Charlottesville, VA – September 29, 2015 -- The first patient with depression has been treated with focused ultrasound.
This procedure marks the beginning of a pilot clinical trial to determine the feasibility and safety of MR-guided focused ultrasound to non-invasively destroy a small volume of tissue deep in the brain – the anterior limb of the internal capsule – a well-established target for treating severe depression. In this initial patient, the target was successfully ablated without complications.
This study is being led by neurosurgeon Jin Woo Chang, MD, at Yonsei University College of Medicine in Seoul, Korea.
“There is a need for non-invasive treatment options for patients with depression that cannot be managed through medication,” says Dr. Chang, who is president of the Korean Neurosurgical Society. “We were able to conduct the focused ultrasound procedure without complications or serious adverse effects. We will continue to monitor the patient to assess how her depression symptoms change over time.”
In this trial, 10 patients with severe depression that is resistant to medication or electroconvulsive therapy will be treated with focused ultrasound using Insightec’s Exablate Neuro System. Outcomes will be measured with clinical examinations and MR imaging, as well psychological assessments during a six-month follow-up period.
“Modern clinical series from experienced centers have shown that ablative surgery can be very helpful in many patients with treatment refractory depression and obsessive-compulsive disorder. The ability to place small, well-controlled lesions using focused ultrasound without exposing the patient to the risks of open surgery and direct brain penetration is certainly an attractive new surgical option," says Dr. Rees Cosgrove, head of epilepsy and functional neurosurgery at Brigham and Women’s Hospital.
If the results of this pilot study demonstrate that focused ultrasound is feasible and safe, it will lead to a pivotal trial in a larger number of patients to determine long-term safety and efficacy of focused ultrasound to alleviate severe depression.
This trial is supported by the Focused Ultrasound Foundation. “We are encouraged to see the research building on the utility of focused ultrasound as a non-invasive method to treat a range of both neurological and psychiatric disorders. This technology may offer new hope to patients suffering from depression, OCD, Parkinson’s, essential tremor, brain tumors and more,” says Foundation Chairman Neal Kassell, MD.
Additional information may be found on clinicaltrials.gov.
Major depression is a psychiatric disorder in which a person consistently experiences feelings of sadness, guilt and worthlessness for at least two weeks. Depression can interfere with daily life, often leading to a loss of interest in activities, trouble sleeping and impaired concentration. According to the World Health Organization, depression represents one of the largest and most important sources of human morbidity and is a major source of lost productivity and health care costs.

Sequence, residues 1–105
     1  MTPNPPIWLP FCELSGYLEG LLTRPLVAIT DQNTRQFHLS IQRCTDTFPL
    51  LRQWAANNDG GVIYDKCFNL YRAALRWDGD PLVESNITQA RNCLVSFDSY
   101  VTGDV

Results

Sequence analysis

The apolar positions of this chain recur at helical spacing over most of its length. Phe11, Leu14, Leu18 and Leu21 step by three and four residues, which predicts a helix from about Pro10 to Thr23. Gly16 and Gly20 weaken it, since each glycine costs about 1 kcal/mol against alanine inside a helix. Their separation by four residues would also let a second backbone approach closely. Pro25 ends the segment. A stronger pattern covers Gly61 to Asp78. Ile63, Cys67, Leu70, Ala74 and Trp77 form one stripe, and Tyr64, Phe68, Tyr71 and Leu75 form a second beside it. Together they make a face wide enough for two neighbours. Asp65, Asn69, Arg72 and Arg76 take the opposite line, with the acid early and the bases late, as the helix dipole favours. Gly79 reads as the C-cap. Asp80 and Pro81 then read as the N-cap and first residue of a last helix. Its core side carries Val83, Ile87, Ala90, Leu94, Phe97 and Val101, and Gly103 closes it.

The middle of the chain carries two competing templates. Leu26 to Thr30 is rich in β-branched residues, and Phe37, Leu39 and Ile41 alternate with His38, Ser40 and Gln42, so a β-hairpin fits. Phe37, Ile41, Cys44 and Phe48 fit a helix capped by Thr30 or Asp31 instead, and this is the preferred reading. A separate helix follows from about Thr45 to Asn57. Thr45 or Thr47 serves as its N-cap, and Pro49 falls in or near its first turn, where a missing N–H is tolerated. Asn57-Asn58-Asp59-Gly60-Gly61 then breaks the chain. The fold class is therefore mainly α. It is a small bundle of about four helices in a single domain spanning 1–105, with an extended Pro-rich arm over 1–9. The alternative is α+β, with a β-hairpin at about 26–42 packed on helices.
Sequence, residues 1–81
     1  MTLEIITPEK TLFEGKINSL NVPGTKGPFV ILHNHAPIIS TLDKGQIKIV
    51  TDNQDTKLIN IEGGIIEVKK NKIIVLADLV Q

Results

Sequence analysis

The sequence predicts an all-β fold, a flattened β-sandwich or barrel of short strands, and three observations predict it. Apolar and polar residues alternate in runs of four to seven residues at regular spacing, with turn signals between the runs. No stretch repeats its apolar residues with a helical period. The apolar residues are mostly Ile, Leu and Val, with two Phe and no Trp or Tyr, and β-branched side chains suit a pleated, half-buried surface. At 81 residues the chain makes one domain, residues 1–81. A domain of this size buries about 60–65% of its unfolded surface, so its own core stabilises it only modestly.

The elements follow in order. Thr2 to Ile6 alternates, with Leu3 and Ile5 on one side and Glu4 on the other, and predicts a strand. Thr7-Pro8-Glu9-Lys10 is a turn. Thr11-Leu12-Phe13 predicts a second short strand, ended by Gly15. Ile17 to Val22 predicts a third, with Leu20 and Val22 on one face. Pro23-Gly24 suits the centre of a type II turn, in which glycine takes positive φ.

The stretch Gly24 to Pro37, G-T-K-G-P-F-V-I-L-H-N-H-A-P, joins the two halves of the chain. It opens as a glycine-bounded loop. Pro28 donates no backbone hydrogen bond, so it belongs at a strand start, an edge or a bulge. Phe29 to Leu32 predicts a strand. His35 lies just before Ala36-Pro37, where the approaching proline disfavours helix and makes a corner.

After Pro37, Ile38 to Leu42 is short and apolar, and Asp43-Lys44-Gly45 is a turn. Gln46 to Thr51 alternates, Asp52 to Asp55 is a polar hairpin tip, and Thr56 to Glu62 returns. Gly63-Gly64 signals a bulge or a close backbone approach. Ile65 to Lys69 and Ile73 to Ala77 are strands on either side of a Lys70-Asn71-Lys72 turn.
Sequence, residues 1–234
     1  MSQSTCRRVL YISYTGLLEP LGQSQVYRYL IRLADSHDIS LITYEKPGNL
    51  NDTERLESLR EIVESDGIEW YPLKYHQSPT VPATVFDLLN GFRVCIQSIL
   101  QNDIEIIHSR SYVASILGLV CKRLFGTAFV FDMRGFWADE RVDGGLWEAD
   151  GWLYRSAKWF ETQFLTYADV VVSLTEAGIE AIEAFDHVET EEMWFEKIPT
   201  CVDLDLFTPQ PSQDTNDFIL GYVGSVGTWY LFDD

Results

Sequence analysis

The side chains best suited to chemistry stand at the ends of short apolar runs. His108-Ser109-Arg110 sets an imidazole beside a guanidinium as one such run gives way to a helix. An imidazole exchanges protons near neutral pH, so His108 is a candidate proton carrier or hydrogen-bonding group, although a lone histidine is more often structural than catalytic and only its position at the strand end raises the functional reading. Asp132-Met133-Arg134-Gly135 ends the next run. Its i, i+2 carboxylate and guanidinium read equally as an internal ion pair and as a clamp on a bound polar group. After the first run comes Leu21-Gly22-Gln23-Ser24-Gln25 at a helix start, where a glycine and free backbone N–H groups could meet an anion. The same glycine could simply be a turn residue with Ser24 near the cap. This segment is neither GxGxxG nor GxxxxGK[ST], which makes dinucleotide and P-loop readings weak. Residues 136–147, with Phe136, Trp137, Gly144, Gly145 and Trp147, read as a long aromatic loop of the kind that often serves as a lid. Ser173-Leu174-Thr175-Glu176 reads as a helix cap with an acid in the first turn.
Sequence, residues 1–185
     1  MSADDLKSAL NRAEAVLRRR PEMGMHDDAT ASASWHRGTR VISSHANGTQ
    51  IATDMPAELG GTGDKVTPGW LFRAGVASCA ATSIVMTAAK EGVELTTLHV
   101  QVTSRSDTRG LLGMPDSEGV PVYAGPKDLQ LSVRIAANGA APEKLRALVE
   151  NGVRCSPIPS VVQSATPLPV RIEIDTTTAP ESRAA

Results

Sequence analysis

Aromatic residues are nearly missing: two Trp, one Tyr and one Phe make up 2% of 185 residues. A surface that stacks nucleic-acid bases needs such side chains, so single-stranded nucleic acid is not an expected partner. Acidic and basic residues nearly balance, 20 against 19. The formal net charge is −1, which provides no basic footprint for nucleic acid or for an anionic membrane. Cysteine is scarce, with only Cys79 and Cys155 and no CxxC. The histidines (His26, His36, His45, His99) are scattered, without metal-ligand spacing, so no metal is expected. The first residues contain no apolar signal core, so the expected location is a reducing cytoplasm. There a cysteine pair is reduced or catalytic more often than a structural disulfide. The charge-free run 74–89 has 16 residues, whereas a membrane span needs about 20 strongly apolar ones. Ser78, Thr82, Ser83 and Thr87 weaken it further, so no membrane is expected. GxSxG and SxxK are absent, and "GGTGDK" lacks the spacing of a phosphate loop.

Focused ultrasound is a potentially powerful non-invasive approach for treating patients with severe depression that is refractory to medical therapy. This non-radiation treatment may be a more convenient, comfortable and safe option for patients, that eliminates the risks of open neurosurgery. If shown to be safe and effective, focused ultrasound for depression may ultimately be a less expensive and widely accessible treatment option for a large number of patients.
About Current Treatments for Depression
Although the majority of depressed patients improve with drugs and psychotherapy, up to one-third are refractory to the best available current treatments. These patients are often eligible for neuromodulation strategies, such as electroconvulsive therapy (ECT), transcranial magnetic stimulation (TMS), and neurosurgical procedures, that directly target specific brain regions to disrupt the abnormal circuitry that generates the depression symptoms. Currently available approaches include lesional procedures such as radiofrequency (RF) or radiosurgical ablation, and non-lesional procedures, such as deep brain stimulation (DBS).
RF ablation involves inserting an electrode in the brain through a hole drilled in the skull and heating its tip to create a thermal lesion and destroy the target. One of the most frequently targeted brain regions is the anterior limb of the internal capsule, in a procedure known as capsulotomy. An alternative to RF lesioning is radiosurgical ablation, which destroys the target using ionizing radiation, but takes months to achieve the effect and has the associated risks of radiation exposure. Deep brain stimulation (DBS) involves the permanent insertion of two electrodes into a brain target and using electrical stimulation through a pacemaker implanted in the chest well to disrupt activity within that structure. DBS does not involve a lesion, is reversible and can be programmed to treat the patient’s symptoms and minimize side effects.
RF ablation and DBS both involve a brain operation and access to the brain. These are surgical procedures with the risks of infection, bleeding, and neural tissue damage from the electrode and implant. Although there is a large experience with RF lesions in psychiatry, DBS remains highly investigational. Radiosurgery is a non-invasive procedure, but is unpredictable in its effects on both the brain and clinical symptoms. Focused ultrasound now provides an alternative to these strategies, combining the advantages of a non-invasive approach with the accuracy and effectiveness of a directed surgical procedure.